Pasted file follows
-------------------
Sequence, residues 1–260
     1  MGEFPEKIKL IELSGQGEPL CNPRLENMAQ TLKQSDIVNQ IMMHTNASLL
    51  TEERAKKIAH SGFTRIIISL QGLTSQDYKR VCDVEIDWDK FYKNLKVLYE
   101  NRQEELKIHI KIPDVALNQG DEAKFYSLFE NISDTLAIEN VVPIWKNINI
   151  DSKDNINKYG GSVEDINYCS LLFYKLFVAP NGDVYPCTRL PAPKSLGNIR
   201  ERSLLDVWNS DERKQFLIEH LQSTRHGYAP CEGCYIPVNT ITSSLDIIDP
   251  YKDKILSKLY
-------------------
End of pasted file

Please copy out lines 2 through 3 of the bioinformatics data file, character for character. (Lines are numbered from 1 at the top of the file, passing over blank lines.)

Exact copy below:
     1  MGEFPEKIKL IELSGQGEPL CNPRLENMAQ TLKQSDIVNQ IMMHTNASLL
    51  TEERAKKIAH SGFTRIIISL QGLTSQDYKR VCDVEIDWDK FYKNLKVLYE